How Does Sleep Relate to Mood?

Self reported symptoms of anxious and depressed individuals often include an inability to sleep consistently or deeply. Results dating back to the 1960s suggest that anxiety and depression may result in changes to sleep patterns as measured electroencephalograms. For example, in one study researchers found that anxious individuals obtained significantly less sleep, less rapid eye movement sleep (one important phase of sleep where dreaming occurs), but a greater amount of phase 1 sleep (the initial stage of sleep where the individual drifts in and out of consciousness). Therefore it could be summarised that anxious individuals have less total sleep and that this sleep is of a lower quality for restorative purposes. Anxious individuals may also have more awakenings during the night, which may be contributed to by being more often in a less deep state of sleep. The ability of certain plant extracts to improve the quality and duration of sleep, may therefore explain some of the medicinal benefits of these plants in treating mood disorders.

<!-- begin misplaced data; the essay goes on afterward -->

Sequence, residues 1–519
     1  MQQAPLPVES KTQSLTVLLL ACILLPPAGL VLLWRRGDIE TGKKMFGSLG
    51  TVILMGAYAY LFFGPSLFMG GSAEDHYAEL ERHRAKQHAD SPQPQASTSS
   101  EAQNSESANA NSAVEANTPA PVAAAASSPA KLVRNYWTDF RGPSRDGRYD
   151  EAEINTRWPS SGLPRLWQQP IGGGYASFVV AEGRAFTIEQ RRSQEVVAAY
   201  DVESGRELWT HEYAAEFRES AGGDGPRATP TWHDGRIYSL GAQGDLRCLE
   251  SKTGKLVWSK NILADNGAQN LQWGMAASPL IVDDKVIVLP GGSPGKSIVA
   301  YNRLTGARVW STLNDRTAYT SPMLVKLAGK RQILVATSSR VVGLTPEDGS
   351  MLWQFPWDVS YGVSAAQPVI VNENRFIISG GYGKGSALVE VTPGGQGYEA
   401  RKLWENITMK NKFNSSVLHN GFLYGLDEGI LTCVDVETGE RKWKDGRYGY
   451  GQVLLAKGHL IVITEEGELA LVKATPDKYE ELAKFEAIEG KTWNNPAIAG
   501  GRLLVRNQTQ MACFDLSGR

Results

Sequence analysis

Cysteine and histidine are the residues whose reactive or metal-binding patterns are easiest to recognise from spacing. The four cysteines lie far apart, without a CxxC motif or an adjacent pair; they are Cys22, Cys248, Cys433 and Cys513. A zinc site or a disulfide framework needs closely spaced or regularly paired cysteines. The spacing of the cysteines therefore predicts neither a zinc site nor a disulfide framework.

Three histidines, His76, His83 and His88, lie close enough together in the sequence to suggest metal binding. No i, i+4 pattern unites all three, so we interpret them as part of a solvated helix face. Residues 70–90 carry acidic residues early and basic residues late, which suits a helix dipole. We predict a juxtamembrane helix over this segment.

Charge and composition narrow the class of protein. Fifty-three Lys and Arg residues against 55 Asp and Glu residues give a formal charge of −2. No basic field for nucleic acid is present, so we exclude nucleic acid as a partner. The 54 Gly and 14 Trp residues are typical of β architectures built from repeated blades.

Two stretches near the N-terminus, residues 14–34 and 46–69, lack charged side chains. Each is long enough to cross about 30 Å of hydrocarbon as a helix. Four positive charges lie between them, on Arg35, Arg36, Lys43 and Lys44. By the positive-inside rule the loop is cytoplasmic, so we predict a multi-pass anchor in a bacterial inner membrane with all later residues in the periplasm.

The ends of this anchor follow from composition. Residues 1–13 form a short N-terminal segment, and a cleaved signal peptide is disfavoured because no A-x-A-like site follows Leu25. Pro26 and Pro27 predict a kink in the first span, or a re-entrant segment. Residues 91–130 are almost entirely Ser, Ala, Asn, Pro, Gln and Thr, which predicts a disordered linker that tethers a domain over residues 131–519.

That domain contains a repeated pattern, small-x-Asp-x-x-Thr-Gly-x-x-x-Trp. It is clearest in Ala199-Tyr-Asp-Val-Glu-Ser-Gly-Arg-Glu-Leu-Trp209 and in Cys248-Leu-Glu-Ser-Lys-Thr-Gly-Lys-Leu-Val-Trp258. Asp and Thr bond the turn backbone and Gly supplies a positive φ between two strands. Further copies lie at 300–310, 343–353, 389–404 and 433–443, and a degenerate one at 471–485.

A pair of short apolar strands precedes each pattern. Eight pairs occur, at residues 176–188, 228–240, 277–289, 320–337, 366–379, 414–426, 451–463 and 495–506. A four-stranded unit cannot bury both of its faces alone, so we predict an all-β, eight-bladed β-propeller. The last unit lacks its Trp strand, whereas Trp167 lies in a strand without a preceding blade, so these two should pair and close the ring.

Eat Well, Stay Healthy, Protect Yourself


Rosa, R. R., Bonnet, M. H. and Kramer, M. 1983. The relationship of sleep and anxiety in anxious subjects. Biological Psychology. 16(1-2): 119-126

About Robert Barrington

Robert Barrington is a writer, nutritionist, lecturer and philosopher.
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